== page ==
Cut to Swipe is the title of the group exhibition being hosted at New York’s MoMA inaugurated on 11 October 2014 and open to the public until 22 March 2015. The show is curated by Stuart Comer, Erica Papernik and Leora Morinis and presents some of the works recently acquired by the Department of Media and Performance Art of the famous American contemporary art museum. The exhibition includes works that date back to the 1980s as well as installations created as of late. The result is an obligatory reflection upon the form and substance of the imposing generational leap forward linked to the shift from analogical to digital in all of its productions – be they television, photography, cinema – connected to the web or the industry.
The exhibit displays installations and works which ideally belong to the same era but they are actually on opposite ends of the spectrum in terms of the material, support, media and technology used; to the point that they even appear unrelated. The speed with which means of communication has proliferated in the past twenty years (including in the sphere of art) is explored in an exhilarating manner.
Two works in particular can be identified as antipodes, the key elements of the exhibit: Dara Birnbaum’s PM Magazine (1982) and Hito Steyerl’s How Not to be Seen: A Fucking Didactic Educational MOV. file (2013). In both cases, the artists sought a connection with the spectators based upon a flow of images but with incredibly different results. It is baffling to ascertain how the speed of software and editing development over a relatively small amount of time has led to widespread diversification of support, format and interfacing. An example of this is touchscreen technology.
The reflection continues beyond the developments of modern technology to arrive at the use we usually make of it. This can be seen in the video by James Richards entitled Rosebud: it focuses the attention of spectators upon the enormous flow of information made available to us every day by proposing a sequence that gradually leads us to ask ourselves a crucial question: Are we capable of deciphering its meaning?
On the other hand, the project called Inner Time of Television by the Otolith Group in collaboration with Chris Marker proposes the use of thirteen televisions for educational purposes – each of which are programmed to offer an analysis on culture in Ancient Greece. The installation offers spectators an opportunity to focus upon one or more aspects of this theme by benefitting from the stations at their disposal in the exhibit space. Finally, the exhibit is presented as a multi-faceted itinerary filled with references linked to its chosen title: If Cut is to be interpreted as collage and photomontage (two pillars of artistic expression in the 20th century), Swipe might refer to the impact of 21st century communication where images tend to elude our control (including our physical control) by suggesting possibilities that are beyond the support known (to date) and an influence on our real lives that is yet to be imagined.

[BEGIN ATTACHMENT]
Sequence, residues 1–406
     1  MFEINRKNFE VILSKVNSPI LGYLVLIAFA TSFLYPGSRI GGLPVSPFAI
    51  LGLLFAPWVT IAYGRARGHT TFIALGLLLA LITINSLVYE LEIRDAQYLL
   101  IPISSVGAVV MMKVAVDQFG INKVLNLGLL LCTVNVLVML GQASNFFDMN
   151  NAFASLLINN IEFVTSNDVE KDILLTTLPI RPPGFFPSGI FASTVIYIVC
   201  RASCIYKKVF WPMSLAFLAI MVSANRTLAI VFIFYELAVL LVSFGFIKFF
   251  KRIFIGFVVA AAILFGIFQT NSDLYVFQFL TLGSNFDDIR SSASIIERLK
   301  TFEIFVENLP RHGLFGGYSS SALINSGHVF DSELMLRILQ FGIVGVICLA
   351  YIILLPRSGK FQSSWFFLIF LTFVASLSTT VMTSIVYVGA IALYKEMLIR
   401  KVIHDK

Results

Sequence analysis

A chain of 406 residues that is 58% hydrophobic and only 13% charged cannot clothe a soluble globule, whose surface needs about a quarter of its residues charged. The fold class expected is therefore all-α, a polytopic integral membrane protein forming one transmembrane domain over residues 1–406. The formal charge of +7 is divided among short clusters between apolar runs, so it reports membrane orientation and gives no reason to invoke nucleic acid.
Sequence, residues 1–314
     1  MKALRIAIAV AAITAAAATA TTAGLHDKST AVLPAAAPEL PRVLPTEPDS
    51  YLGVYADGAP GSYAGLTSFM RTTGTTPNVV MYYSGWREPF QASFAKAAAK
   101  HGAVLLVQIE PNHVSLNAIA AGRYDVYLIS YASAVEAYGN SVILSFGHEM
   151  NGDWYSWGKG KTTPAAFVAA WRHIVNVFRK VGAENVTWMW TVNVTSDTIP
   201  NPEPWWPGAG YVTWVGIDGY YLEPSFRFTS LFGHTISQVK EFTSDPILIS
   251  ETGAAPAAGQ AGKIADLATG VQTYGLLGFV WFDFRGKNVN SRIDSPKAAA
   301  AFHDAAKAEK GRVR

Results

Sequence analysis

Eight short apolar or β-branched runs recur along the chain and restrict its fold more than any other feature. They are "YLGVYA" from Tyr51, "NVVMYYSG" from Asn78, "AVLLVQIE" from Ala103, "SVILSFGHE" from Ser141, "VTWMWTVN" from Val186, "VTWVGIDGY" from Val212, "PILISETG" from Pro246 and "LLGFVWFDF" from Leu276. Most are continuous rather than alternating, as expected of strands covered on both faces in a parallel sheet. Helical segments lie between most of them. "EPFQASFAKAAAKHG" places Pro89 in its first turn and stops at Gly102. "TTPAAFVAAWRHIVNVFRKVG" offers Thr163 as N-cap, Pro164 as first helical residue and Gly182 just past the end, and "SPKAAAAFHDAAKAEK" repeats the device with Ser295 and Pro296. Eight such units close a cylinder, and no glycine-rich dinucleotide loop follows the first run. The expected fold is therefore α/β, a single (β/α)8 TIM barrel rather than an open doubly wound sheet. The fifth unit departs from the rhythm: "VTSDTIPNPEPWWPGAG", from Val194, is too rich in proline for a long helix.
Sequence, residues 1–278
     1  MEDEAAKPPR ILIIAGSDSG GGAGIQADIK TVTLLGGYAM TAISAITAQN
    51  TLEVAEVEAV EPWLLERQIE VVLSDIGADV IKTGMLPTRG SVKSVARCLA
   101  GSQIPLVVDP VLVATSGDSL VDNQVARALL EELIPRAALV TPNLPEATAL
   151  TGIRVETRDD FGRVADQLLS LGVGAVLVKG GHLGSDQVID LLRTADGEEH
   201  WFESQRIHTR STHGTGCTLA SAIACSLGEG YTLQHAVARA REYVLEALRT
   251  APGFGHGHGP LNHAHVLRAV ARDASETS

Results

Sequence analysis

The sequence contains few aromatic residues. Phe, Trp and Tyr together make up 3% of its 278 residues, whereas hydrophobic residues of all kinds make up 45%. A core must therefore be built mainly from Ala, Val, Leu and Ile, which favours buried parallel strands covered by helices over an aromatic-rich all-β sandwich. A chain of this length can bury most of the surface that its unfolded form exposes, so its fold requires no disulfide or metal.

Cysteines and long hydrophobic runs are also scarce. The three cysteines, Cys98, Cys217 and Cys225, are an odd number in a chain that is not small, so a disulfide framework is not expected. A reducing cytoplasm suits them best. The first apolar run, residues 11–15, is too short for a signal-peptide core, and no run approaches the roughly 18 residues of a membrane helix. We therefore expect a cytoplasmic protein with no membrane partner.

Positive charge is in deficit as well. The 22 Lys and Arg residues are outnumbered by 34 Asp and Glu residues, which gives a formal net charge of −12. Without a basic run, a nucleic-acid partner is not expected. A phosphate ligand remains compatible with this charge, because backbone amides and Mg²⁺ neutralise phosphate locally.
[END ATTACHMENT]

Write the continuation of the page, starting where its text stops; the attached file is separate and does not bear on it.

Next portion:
Cut to Swipe, organized by Stuart Corner (Chief Curator) with Erika Papernik (Assistant Curator) and Leora Morinis (Curatorial Assistance, Department of Media and Performance Art), MoMA, New York, 11.10.2014 – 25.05.2015
Images (cover) Hito Steyerl. How Not to Be Seen: A Fucking Didactic Educational .MOV File. 2013. Video (color, sound). Video (color, sound). 14 min. Committee on Media and Performance Art Funds. © 2014 Hito Steyerl (1) Dara Birnbaum. PM Magazine. 1982. Four-channel video (color, three channels of stereo sound; 6:30 min.), chromogenic prints, Speed Rail® structural support system, aluminum trim, and painted walls. Dimensions variable. The Modern Women’s Fund and the Contemporary Arts Council of The Museum of Modern Art. © 2014 Dara Birnbaum. Courtesy the artist and Marian Goodman Gallery, New York and Paris (2) Hito Steyerl. How Not to Be Seen: A Fucking Didactic Educational .MOV File. 2013. Video (color, sound). Video (color, sound). 14 min. Committee on Media and Performance Art Funds. © 2014 Hito Steyerl (3) The Otolith Group in collaboration with Chris Marker. Inner Time of Television. 2007. Thirteen-channel video (color, sound). 4 hrs. 55 min. Courtesy The Otolith Group in collaboration with Chris Marker. Installation view of Thoughtform, The Otolith Group, MACBA, 2011. Image courtesy The Otolith Group and MACBA. Photo: Gregory Civera.